The European Union and UNICEF supported 30 Preschools in Syunik Region to resume operations
With EU funding, UNICEF has provided hygiene kits to ensure that 2,079 young children in Syunik can attend kindergarten in a coronavirus safe and protected environment.
In the autumn 2020, staff working on the EU-funded Future Today project visited the southern part of Armenia – Sisian, Kajaran, Goris, Tatev and Meghri, to hand over 70 boxes of hygiene kits to the local partner Full Life NGO which was tsked to distribute these materials to 23 kindergartens and 7 preschools. “Early childhood care and learning services are very important for children and young families. This is why it has been important for us to support these institutions to reopen safely while the pandemic was still raging but on a lesser scale than during its peaks, so that the children do not miss out on early development and are ready for school when the time comes,” says UNICEF Armenia Education specialist Alvard Poghosyan.
During a visit we met Susana, 5, and Yana, 4, in Goris kindergarten #4, who were helping the nurse at the kindergarten to unpack materials received through the Future Today project. They explained in great detail how to follow the instructions on hand washing, proper wearing of masks and main precautionary measures to prevent the spread of COVID-19 illustrated on the child-friendly posters distributed by the UNICEF-led project.
“While inclusive early childhood care and education is extremely important for the children, I would not underestimate the value of access to such services for the families and the communities. I think we can safely say that mothers, who are the main caregivers in Armenia, benefit very much from being able to send their children to trusted day care centres. Many studies show that lack of access to such services is an important impediment to women’s active participation and voice in society, ability to follow additional studies and training as well as joining initiatives that could empower them economically,” shares Ambassador Andrea Wiktorin. “Armenian women already carry a heavy load and there has been a significant problem of accessing early childhood care and education services for those families living in the regions. The EU has been determined to support the removal of these barriers and encouraging women playing a more active and visible role in developing Armenia – and we will continue these efforts”.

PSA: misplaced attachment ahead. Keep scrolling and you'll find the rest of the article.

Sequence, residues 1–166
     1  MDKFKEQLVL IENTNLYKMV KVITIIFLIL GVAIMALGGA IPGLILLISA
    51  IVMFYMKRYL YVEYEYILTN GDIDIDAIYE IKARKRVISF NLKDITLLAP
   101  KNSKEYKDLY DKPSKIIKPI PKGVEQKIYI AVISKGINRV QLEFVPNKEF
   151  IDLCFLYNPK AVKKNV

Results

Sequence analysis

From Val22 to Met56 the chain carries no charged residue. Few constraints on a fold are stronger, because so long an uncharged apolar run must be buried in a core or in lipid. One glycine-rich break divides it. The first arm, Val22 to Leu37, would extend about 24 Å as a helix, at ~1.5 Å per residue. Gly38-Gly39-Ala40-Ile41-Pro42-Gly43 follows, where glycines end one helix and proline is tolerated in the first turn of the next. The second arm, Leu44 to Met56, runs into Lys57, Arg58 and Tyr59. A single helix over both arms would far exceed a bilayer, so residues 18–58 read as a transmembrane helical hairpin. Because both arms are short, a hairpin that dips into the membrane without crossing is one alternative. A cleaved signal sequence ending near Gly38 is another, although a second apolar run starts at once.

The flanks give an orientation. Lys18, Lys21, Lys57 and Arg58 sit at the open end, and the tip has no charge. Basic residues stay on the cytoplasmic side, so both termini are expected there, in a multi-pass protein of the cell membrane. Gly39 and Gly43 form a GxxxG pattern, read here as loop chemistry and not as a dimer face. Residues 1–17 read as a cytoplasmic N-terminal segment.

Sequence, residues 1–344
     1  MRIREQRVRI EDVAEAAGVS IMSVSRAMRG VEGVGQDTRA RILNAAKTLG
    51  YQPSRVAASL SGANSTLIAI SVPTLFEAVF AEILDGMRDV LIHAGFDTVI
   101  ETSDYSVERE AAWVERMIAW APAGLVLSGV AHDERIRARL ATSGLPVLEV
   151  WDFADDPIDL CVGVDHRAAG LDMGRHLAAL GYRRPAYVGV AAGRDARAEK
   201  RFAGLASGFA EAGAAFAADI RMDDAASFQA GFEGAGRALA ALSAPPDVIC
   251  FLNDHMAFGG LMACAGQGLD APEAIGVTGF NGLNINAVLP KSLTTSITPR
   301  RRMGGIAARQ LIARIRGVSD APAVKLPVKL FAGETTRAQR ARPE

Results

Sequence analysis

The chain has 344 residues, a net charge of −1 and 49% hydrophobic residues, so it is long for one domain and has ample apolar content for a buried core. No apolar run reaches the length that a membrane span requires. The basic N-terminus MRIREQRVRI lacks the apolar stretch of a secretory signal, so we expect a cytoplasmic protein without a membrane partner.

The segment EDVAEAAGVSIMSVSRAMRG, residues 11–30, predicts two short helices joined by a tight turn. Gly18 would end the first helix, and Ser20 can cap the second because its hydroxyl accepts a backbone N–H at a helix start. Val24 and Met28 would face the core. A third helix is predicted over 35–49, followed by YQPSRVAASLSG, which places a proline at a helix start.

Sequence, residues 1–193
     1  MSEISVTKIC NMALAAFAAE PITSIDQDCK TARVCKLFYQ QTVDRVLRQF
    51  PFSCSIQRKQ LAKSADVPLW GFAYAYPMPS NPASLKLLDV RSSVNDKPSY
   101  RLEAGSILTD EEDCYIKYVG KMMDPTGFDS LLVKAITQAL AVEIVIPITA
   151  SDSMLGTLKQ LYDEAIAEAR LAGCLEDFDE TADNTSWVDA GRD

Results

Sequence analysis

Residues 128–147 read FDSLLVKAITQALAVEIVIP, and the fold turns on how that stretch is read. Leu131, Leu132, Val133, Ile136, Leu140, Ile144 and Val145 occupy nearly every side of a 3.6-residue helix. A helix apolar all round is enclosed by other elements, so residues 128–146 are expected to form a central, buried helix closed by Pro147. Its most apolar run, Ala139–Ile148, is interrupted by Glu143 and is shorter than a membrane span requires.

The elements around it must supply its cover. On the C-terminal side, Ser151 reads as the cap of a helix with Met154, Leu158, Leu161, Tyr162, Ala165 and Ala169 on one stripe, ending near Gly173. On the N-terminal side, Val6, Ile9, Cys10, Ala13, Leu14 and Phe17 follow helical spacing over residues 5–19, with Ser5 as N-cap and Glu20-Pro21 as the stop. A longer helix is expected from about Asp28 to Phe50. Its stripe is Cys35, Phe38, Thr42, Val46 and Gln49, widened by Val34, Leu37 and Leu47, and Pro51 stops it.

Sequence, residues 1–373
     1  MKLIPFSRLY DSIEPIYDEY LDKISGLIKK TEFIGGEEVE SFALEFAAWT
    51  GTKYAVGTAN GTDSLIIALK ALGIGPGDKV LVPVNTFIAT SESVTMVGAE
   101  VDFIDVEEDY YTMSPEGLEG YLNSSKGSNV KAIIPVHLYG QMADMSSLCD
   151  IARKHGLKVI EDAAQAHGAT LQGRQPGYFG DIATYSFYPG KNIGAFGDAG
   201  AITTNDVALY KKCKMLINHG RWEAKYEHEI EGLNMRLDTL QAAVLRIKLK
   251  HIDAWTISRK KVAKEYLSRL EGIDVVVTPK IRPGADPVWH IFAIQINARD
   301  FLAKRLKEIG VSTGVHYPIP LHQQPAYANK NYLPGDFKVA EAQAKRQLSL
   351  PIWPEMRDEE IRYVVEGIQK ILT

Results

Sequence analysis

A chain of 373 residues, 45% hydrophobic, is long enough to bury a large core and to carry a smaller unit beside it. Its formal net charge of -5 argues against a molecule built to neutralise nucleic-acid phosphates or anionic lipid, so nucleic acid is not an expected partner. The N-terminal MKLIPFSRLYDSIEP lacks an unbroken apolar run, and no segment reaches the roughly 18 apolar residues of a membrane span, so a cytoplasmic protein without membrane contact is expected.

“When I grow up, I want to become a doctor so that I can work alongside my grandma. But on Sundays, I will be singing! When at home, Yana and I repeat all day that we want to return to kindergarten."
When the kindergartens and preschools first re-opened in Armenia in mid-September, it was impossible for all children to attend as the groups were too big and this did not conform to the main rules.